It’s a scary feeling when you visit your property and find an unwelcome person living inside. No one likes squatters. Who knows what kind of damage they may have caused? But, before you take action, it’s essential to familiarize yourself with squatters rights.
As a real estate investor, I’ve had my share of vandalism and intentional damage to one of my rental properties. Thankfully, no one was at the property when I arrived. However, I did have to call the authorities and complete a police report.
For absentee owners who have out-of-state investment properties, such as a townhouse or a second home, you also want to be prepared. I reached out to a good friend and business associate to answer questions about squatters and squatters’ rights.
John C. Chatelain is an Attorney at Law at the law firm Chatelain & Maynard Law Firm and has over 41 years of practice. He is also a seasoned real estate investor and president of the Metropolitan Omaha Property Owners Association (MOPOA).
My real estate agent introduced me to John, and I quickly learned that he supports many investors in our area. He helped me set up my limited liabilities company for my first rental unit. To this day, I still stop by his law firm to drop off homemade eggrolls each time I acquire a new rental property.
So, pull up your chair as I cross-examine John on squatter’s rights. John will provide his legal advice. However, it’s important to note that some of his responses may be specifically for Nebraska. For that reason, be sure to contact a legal professional with laws specific to your state.
If there are no objections, let’s begin!
Jump ahead to
What is Squatting, And Is It Legal? What’s the Difference Between Squatting And Trespassing?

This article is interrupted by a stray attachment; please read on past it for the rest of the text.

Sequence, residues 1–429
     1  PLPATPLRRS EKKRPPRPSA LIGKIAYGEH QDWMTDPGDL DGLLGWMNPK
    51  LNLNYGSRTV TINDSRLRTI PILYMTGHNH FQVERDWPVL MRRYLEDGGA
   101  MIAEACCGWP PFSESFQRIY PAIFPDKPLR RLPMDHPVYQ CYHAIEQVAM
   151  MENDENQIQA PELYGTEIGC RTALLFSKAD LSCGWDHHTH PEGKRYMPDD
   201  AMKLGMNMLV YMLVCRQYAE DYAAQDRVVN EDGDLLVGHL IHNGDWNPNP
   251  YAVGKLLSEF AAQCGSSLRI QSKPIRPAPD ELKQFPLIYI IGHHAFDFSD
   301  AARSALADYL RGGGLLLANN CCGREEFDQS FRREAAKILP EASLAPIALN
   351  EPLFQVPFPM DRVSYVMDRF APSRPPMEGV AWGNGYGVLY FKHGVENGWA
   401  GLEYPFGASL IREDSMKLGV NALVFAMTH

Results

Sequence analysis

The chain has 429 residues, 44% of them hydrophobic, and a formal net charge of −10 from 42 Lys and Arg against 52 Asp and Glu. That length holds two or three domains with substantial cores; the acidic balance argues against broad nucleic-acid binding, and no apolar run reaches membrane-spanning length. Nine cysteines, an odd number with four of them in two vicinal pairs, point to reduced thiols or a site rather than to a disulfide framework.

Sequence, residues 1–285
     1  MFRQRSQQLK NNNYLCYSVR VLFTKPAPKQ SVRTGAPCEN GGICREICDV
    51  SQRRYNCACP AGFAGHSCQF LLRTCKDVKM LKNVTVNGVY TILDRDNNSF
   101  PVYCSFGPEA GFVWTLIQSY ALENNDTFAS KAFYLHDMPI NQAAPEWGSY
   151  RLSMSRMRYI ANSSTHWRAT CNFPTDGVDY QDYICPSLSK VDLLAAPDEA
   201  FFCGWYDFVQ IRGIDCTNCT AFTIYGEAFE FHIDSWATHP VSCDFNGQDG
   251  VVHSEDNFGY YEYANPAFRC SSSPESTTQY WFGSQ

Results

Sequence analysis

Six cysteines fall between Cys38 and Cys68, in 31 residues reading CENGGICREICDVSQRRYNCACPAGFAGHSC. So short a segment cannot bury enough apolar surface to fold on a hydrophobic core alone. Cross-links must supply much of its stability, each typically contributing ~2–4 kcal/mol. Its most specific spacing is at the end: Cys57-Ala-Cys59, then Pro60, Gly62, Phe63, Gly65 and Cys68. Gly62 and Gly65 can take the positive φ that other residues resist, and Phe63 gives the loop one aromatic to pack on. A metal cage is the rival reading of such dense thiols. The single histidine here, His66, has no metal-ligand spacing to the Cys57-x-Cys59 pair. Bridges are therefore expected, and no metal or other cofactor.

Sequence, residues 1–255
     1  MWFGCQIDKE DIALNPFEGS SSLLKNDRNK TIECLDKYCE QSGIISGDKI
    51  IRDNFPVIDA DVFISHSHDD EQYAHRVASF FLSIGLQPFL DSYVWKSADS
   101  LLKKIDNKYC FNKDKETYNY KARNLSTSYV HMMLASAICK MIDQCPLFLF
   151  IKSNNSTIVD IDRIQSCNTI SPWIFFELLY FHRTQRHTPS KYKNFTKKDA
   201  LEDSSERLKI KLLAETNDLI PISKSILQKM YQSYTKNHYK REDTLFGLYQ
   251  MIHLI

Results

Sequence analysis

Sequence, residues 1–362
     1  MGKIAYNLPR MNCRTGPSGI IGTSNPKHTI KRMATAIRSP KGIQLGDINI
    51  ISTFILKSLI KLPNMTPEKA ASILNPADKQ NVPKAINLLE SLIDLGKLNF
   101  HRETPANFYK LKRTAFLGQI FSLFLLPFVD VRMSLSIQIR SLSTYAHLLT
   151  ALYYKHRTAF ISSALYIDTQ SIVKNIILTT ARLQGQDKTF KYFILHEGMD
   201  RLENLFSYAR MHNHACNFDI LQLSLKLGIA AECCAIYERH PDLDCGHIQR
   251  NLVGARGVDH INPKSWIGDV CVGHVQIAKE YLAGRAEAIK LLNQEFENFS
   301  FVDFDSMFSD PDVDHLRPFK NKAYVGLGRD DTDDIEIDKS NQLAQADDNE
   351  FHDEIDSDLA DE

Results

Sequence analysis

Squatting is occupying real estate without any right to do so. Squatting and trespassing are similar. Trespassing can be a civil matter but is usually thought of as a criminal offense, whereas there is no criminal offense entitled to squatting.
What Are Squatters Rights?
Squatters have no legal right to occupy another person’s property unless their status ripens into a legal status due to some action or lack of action on the property owner’s part, which can recognize the squatters’ rights as a tenant.
Why Do Squatters Have Rights?
Squatters have no legal right to occupy the property. Thus, a squatter must vacate.
Do All States Have Squatters Rights? How Does One Find Out If a State Has Squatters Rights?
One who owns property in another state would be wise to research the local laws in that state regarding squatters’ status.
How Does Someone Evict A Squatter?
The Nebraska Residential Landlord Tenant Act (NRLTA) governs the relationship between landlords and tenants. That set of laws governs how an owner should evict a tenant.
Concerning a squatter, there would be no rental agreement. Therefore the NRLTA would not apply. According to the Wrongful Detainer Law, an owner would evict a squatter, and they would serve a notice upon the individual to move. If they didn’t move, an owner could file a complaint in the court system for an order of restitution.
Is There Anything An Owner Cannot Do When Trying To Evict a Squatter?
If an owner learns that a squatter occupies the property, owners should start legal procedures to remove the person immediately. However, the property owner needs to exercise caution so that the squatter’s status does not ripen into a landlord/tenant relationship.
The property should evict the squatter following the statutory procedures outlined in the Wrongful Detainer Law. Legal consequences are likely to accrue to the property owner who doesn’t follow the law in removing the squatter.